Cherry Hill resident, Gerry Nanos, had an eye-opening experience when when he arrived in Port-au-Prince, Haiti, earlier this month.
Some experiences leave an impact on our souls, prompting us to re-evaluate everything we once knew about life from that day forward. For Cherry Hill resident, Gerry Nanos, that experience came when he arrived in Port-au-Prince, Haiti, earlier this month.
Nanos joined forces with Feed My Starving Children, a national faith-based organization that prepares food packages for children in impoverished countries, three years ago to learn more about the harsh conditions children were living in and work to fix it.
With 59 percent of Haitians living under Haiti’s national poverty line, Haiti remains the poorest country in the Americas and one of the poorest in the world, according to The World Bank, a source of financial and technical assistance to developing countries around the world.
During their time in Haiti, the volunteers witnessed a plethora of Haitians struggling to get the proper nutrients to stay healthy due to financial instability. By visiting orphanages in Port-au-Prince and the surrounding areas, Nanos witnessed how food packages from members of Feed My Starving Children are being distributed and gained a firsthand look inside the impoverished country.
Nanos traveled with five people from around the country affiliated with the organization on Saturday, Feb. 3, for five “eye-opening” days. Paying for his travel expenses, Nanos embarked on a journey through a sea of people in an unfamiliar land.
‘’It was chaos,’’ Nanos said. “When we arrived and left the terminal, there was a rush of people, and between the crowds and noises and the language barrier, it was difficult.”
Throughout their stay, the volunteers began their day with breakfast before traveling to the designated orphanages. Upon arrival, volunteers met with a couple and their children who were running one of the local orphanages. Expressing their appreciation for receiving the necessary food to support the orphans in the facility, the father personally thanked the volunteers for providing security to children who otherwise would not have any.
“He was so grateful to us, practically cried with gratitude to meet us,” chairman of the group and Haddonfield resident Gerry Rice said.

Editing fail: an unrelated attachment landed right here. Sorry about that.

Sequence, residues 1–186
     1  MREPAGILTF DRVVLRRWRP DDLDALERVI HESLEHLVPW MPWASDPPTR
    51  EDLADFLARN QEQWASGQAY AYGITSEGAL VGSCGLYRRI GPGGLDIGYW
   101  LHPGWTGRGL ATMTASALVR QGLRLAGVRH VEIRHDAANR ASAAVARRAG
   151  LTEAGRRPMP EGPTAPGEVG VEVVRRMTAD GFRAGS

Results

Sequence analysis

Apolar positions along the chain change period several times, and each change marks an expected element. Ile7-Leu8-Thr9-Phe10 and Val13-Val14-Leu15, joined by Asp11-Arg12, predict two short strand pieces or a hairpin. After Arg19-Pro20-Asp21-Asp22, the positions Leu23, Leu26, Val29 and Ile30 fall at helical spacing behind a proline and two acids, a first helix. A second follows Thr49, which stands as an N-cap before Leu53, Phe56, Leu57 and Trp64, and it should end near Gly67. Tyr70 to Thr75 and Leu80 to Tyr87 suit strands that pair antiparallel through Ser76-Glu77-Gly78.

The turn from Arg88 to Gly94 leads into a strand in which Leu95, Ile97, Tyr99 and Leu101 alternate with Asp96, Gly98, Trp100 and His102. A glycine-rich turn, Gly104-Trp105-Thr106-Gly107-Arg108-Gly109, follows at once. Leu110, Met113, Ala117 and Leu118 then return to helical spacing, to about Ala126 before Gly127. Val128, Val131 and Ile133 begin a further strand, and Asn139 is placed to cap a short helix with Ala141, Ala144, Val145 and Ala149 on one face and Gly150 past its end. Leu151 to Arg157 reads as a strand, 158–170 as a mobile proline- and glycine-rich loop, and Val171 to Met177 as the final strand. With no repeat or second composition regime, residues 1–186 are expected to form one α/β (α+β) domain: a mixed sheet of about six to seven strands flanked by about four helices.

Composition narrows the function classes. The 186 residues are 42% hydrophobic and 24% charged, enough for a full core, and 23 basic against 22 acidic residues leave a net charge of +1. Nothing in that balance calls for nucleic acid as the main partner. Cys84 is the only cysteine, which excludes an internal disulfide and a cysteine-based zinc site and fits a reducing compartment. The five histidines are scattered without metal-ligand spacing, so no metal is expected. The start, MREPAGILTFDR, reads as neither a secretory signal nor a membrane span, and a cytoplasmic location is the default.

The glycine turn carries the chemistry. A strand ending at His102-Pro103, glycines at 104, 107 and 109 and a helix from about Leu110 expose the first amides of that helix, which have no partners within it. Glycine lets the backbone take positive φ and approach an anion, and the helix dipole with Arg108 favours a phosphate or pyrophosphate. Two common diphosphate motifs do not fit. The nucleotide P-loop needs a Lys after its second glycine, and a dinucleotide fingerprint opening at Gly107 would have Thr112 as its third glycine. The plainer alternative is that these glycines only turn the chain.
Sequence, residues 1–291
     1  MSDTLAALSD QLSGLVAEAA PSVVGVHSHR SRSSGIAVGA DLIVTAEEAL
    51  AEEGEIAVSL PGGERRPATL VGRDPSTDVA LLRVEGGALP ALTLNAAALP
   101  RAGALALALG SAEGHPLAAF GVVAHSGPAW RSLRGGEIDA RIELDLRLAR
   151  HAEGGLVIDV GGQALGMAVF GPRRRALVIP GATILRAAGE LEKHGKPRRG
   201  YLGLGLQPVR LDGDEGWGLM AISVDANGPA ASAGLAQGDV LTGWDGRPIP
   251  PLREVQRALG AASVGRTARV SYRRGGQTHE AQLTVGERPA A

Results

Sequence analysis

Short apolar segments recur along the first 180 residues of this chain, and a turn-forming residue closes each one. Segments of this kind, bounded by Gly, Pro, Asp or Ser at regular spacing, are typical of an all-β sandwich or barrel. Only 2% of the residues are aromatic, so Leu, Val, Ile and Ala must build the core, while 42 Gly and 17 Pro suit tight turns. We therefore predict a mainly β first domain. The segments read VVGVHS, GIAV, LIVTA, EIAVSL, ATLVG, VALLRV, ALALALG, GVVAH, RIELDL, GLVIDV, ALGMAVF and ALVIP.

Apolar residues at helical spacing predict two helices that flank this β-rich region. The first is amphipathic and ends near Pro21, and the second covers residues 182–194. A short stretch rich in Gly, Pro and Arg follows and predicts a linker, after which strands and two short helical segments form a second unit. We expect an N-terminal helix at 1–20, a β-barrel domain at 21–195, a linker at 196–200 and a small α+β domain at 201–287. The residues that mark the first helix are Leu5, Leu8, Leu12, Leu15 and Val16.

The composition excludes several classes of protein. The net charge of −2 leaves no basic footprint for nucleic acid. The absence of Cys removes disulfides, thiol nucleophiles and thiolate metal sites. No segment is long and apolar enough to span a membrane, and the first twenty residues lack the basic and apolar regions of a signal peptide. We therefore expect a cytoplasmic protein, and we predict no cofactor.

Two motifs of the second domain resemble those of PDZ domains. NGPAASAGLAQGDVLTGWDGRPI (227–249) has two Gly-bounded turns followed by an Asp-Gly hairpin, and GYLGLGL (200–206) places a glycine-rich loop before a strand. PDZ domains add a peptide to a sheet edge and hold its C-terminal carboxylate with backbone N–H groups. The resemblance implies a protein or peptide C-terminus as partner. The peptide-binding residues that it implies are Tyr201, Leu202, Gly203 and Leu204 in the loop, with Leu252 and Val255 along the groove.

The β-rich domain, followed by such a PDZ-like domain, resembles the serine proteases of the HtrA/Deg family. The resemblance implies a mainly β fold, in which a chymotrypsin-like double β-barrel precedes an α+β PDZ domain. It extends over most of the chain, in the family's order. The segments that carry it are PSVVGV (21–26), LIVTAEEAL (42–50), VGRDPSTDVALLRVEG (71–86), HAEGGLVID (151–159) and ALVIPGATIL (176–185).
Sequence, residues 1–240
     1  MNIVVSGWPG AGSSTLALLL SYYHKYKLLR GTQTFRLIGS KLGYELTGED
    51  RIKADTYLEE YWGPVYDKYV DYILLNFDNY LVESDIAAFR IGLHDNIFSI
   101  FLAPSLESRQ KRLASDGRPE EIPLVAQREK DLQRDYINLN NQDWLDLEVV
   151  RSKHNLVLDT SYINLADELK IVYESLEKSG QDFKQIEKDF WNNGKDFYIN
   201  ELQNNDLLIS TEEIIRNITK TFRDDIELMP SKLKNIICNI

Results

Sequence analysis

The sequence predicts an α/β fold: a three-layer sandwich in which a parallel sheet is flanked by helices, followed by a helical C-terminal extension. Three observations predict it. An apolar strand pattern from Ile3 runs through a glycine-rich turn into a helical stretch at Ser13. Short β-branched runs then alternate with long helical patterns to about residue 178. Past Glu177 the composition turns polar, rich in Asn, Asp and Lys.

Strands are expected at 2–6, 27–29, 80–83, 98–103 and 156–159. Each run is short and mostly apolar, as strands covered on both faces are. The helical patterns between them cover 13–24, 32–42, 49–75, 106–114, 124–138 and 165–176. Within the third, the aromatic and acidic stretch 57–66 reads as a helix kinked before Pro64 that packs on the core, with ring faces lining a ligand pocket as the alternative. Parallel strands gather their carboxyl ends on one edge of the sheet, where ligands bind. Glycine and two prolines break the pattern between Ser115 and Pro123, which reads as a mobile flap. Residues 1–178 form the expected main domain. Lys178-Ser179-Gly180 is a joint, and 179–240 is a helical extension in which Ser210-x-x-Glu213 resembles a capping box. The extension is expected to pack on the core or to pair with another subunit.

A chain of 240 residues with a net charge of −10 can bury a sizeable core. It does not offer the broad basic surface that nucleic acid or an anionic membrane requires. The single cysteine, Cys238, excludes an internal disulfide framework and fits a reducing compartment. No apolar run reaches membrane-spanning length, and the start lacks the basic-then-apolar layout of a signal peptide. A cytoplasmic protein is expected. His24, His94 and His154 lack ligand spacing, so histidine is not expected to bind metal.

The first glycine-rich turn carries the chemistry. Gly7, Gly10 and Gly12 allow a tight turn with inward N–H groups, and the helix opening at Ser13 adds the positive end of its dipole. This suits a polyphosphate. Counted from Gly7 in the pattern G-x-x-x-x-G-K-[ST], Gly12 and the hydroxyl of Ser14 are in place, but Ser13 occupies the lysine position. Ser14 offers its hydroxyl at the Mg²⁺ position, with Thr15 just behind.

The group stopped at Real Hope for Haiti, an orphanage that also has a clinic for malnourished children and cholera patients. With some people traveling hours by foot just to bring their children to the clinic, the volunteers were informed that, sadly, three children passed away just in the previous week.
Although it was disheartening for Nanos and the group to see some of the kids and their state of heath, they were grateful to have gotten the experience. Rice explained that a lot of the volunteers were unable to distinguish how old the children were due to malnourishment, which is something volunteers with Feed My Starving Children aim to change. A moment that presented as a challenge to Nanos during his trip happened while visiting at Real Hope for Haiti. Nanos met a young girl in the orphanage who captured his attention because, despite his best efforts to brighten up her day, she would not laugh or even smile.
“Many of the children you could get to laugh. She was so sad, which is heartbreaking,” Nanos said. “No matter what I did, she wouldn’t laugh. She had such sad eyes.”
In those moments of sadness, Nanos discovered not only how fortunate he is but how dedicated he would have to be to make a difference and spread the word about providing food and security to kids who have very little.
Nanos and the volunteers through Feed My Starving Children prepare meals specially designed for malnourished children, containing soy, rice, dehydrated vegetables and vitamins and minerals sealed in bags to be shipped worldwide where it is “critically needed.” Each food bag is made so famished children can “keep it down” and get the necessary vitamins and minerals, according to Nanos.
Once the orphanages receive boxes consisting of 36 bags of food, in a primitive process, the bags are opened and cooked with boiling water over an open flame on a dirt floor, Nanos explained.
“Some people are really happy to write a check, that’s great and it’s done, but for people like us, it’s not enough,” Rice said. “We needed to get involved and pack the meals and understand how the meals are getting there.”
On April 20–22, the Haddonfield Council of Churches will host a Feed My Starving Children food packing event at the Cherry Hill National Guard Armory. All are encouraged to participate. Funding for the event will come from the community. For more information or to donate, contact Rice at firstname.lastname@example.org, and to volunteer go to volunteer.fmsc.org/register/#.Wo44c6inHD4.